Physcially, I don't think the K-type star is part of the cluster. Personally, I think it would be easier to see fainter cluster members if it wasn't there, but the contrast is interesting.



#6 azure1961p

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Posted 04 February 2017 - 09:23 AM

Nice work Steve,

 

 

The comparative accounts really make it happen.

 

Pete



#7 Sarkikos

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Posted 04 February 2017 - 10:25 AM

The smallest aperture that I've seen NGC 1857 - and logged the observation - is through Canon 10x42 IS binos.  I could see a couple brighter stars surrounded by a glow.  Collinder 62 and NGC 1778 flanked the opposite sides of the field.  This was in a bright red zone of light pollution.

 

Mike



#8 Sarkikos

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Posted 04 February 2017 - 10:30 AM

Howdy all;

 

Here is a set of observations and a drawing of this cluster that is overhead now.  It does seem to get better with more aperture.

 

NGC 1857 TV 102 Antennas site  Seeing and Transparency=6/10, a mediocre night  14mm eyepiece faint, pretty small, not rich and somewhat compressed cluster that is poorly detached.  I can see 7 stars and a fuzzy background with direct vision and averted vision adds about 10 more stars and makes the cluster a little more prominent.  It is still not much in the 4 inch refractor.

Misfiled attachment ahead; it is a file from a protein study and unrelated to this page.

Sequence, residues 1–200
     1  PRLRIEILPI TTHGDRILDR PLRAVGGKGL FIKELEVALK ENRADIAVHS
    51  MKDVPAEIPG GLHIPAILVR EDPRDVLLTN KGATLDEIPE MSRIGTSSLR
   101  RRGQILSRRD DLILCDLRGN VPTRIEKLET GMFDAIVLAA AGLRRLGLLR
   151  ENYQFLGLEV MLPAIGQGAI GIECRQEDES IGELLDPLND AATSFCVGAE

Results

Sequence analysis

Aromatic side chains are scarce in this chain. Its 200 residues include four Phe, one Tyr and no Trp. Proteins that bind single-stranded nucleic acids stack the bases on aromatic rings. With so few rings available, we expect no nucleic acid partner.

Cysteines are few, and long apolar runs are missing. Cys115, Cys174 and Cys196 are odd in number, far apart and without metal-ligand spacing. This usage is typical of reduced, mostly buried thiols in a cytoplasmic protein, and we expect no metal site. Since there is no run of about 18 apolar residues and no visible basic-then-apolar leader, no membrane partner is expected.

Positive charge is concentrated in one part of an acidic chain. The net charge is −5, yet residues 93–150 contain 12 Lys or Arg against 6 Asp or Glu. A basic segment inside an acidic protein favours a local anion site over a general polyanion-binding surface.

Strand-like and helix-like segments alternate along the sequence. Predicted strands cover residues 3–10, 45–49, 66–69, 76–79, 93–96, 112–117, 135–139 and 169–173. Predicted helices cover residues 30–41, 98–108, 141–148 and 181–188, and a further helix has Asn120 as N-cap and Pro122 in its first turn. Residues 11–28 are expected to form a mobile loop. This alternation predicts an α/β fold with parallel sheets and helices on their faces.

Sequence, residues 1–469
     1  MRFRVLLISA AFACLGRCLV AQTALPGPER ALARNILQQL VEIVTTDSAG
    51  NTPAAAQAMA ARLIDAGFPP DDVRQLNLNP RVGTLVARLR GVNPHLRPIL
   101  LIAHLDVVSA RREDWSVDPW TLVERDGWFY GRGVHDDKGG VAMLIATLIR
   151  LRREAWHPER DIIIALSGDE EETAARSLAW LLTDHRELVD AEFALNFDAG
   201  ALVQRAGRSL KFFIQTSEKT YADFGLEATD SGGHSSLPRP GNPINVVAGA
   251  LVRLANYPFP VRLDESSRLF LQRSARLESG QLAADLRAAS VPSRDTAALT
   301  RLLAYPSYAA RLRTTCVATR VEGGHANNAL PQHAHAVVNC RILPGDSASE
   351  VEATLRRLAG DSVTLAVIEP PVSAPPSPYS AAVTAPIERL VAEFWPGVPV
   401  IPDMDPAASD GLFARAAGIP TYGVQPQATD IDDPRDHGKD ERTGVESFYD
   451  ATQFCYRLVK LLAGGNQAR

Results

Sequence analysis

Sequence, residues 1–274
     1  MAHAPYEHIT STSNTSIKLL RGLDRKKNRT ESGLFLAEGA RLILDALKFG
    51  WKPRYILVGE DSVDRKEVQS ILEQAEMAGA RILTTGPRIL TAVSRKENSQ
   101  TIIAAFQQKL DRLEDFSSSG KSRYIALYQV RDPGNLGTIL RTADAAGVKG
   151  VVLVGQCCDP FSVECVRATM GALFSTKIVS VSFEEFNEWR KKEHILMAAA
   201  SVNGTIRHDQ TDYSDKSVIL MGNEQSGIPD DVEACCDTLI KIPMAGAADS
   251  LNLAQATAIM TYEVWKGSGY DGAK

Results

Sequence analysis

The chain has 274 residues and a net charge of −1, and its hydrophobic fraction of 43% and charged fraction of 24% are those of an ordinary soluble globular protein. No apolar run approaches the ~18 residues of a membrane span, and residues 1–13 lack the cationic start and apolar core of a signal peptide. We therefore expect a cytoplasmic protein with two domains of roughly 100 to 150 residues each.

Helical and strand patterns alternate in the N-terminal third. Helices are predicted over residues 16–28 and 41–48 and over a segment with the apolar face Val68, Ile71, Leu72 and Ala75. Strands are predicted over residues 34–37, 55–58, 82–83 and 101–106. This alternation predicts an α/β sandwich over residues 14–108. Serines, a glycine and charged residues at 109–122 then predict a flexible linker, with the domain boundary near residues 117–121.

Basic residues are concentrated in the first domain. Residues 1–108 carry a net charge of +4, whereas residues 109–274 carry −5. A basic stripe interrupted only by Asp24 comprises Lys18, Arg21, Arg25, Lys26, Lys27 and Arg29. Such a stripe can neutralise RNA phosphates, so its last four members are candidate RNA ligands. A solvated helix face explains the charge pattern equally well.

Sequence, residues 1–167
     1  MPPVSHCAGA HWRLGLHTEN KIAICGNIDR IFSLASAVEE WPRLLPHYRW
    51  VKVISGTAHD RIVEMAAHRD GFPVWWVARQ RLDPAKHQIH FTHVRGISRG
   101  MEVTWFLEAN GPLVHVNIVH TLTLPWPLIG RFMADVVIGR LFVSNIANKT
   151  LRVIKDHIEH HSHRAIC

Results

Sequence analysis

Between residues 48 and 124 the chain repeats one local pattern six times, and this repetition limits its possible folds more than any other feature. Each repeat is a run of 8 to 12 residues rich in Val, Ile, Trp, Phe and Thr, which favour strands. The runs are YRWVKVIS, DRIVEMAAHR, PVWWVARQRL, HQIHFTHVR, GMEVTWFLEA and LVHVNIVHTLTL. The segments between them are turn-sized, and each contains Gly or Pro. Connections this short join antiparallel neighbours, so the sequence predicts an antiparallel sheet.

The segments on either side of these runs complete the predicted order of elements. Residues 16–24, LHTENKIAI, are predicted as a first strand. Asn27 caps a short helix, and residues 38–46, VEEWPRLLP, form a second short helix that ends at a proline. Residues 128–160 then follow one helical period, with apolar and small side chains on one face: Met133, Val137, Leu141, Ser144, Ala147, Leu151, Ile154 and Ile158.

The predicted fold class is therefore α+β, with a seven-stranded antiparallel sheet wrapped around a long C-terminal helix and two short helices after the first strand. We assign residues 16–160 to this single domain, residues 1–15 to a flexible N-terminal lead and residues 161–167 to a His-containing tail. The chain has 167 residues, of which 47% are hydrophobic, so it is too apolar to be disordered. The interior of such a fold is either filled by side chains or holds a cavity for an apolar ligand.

NGC 1857 6" f/8 refractor Antennas S=6, T=8 14mm pretty bright, pretty large, pretty rich, pretty compressed, 29 stars counted of magnitude 7 and then 9 and fainter.  The central star is yellow, nice cluster.

 

NGC 1857 Nexstar 11 Messier Marathon S=7 T=5 125X pretty bright, pretty large, 25 stars mags 8, 10 and fainter.  Pretty well detached.  There is a nice curved chain of stars with a pretty bright orange star in the center.

 

NGC 1857 13" f/5.6 Newtonian  Sentinel site S=6, T=8 Bright and Rich.  Very nice at 165X, an 8th mag yellow star with several nice star chains radiating out from it.  45 members counted in about 12 minutes of cluster size.

 

NGC 1857 13" f/5.6 Granite Wash Mt. S=7 T=8 100X--easily seen as cluster.  150X--pretty bright, pretty large, pretty rich, somewhat compressed, 38 stars counted, including an 8th magnitude yellow star near center of cluster.  There are many faint members that are easier at high power, including several beautiful chains of stars.

 

Have fun;

Steve Coe

 

The drawing was made with the 13" scope at 165X:

 

attachicon.gifAUR_NGC 1857_13in_165X.jpg

Great observations and sketch.  I admire your patience.  I could never count stars resolved in a cluster.  I'm glad somebody does it.

 

:grin:

Mike



#9 stargzr66207

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Posted 12 February 2017 - 06:56 PM

My log book's entry, from long, long ago states: "10/13/85, 1:05 a.m., using Celestron 8 with 30mm Clave Plossl (66X): A loose and scattered cluster. 20 stars counted. Two brighter stars near center. Size approximately 10 arc minutes. Non-concentrated and does not stand out well."

 

Ron Abbott



#10 Sarkikos

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Posted 12 February 2017 - 08:21 PM

Another star counter!  :waytogo:   

 

This reminds me of the old story about leprechauns not being able to resist counting every grain of salt poured before them.

 

:grin:

Mike